If you’ve believed as I have—that classical ballet dancers can’t do justice to jazz—please see Lar Lubovitch’s “Elemental Brubeck” danced by San Francisco Ballet Company. It’s never too late to witness your own shibboleths tested and failing so spectacularly!
Brubeck opens with “Solo” danced by Rory Hohenstein, this season’s emergent male corps member, dressed in red from head to toe, clearly feeling celebratory about something, which causes him to turn the flame up as he pushes away air with both hands. As the remaining dancers scamper in all zephyr-like, we repudiate our pet notions, and wholeheartedly embrace the mood they create. They are deft, fast, not prone to holding too long that which should not be held, and in their pastels, look like an anthropomorphized version of the laundry my mom hung out on the line. If you’ve ever read the children’s book, “Mrs. McNosh Hangs up her Wash,” you know what I mean.
Elizabeth Miner, in peach, looks as enticing as a scoop of sherbet on a summery afternoon. All Bambi Lynn-ish, she is partnered by Damian Smith, who wears a slate blue shirt appointed with a smart white collar. The movement and lifts that rise out of it feel more like a tribute to the music and its composer than a composition set to notes and counts.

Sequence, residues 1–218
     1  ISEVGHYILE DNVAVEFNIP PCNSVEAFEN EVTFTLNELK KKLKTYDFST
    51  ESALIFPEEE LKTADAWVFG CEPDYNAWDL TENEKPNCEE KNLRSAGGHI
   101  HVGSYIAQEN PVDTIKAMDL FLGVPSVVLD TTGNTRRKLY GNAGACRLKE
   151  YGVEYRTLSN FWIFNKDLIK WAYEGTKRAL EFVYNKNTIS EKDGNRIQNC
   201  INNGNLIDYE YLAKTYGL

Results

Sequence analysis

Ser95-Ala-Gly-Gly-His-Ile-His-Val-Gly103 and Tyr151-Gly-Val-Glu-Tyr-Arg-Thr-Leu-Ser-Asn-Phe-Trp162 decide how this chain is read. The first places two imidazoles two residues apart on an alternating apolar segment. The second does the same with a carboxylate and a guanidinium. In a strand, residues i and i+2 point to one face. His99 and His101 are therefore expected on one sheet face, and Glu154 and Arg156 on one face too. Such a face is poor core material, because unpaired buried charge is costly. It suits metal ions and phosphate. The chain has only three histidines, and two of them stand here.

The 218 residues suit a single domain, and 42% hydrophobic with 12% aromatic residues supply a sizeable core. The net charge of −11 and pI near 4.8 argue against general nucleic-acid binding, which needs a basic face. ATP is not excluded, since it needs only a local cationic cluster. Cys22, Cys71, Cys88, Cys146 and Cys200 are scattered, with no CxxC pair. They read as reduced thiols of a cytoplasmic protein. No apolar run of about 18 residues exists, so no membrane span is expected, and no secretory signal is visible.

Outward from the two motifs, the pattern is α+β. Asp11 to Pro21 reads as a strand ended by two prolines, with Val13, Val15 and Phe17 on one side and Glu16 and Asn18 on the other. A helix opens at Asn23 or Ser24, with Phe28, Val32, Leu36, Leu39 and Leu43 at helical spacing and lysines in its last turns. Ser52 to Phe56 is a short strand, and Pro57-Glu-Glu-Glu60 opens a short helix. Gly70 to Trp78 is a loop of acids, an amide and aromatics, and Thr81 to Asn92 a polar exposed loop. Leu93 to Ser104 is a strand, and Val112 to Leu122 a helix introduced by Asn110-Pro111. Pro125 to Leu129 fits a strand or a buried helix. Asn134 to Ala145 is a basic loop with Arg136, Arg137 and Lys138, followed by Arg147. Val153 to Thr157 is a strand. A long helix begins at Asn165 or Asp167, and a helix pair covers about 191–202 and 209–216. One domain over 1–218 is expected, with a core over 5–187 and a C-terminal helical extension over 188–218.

Each duet is washed away by a wave of the other cast members, who overtake the stage like a rinse cycle, as Laundry Presses Onward Into The Machine Age. “Combo” set to “Theme from Elementals,” opens with an intriguing guitar strum and then violins straining towards something ominous, and is danced gleefully by three couples, Megan Low, James Sofranko, Frances Chung, Garrett Anderson, Courtney Elizabeth and Matthew Stewart. Chung is a tensile, yet playful jazz dancer. Both Elizabeth and Stewart are scarily fearless. There’s waltzing and those big scoopy Astaire leapin’ lizard turns that work the arms so as to make it look like the dancer is miraculously parting the waters of the Red Sea. The announcer can deny that there was smoke in the house, but she can’t deny that there was fire: Hohenstein returns for a coda called “Elementals.” It is burning down the house!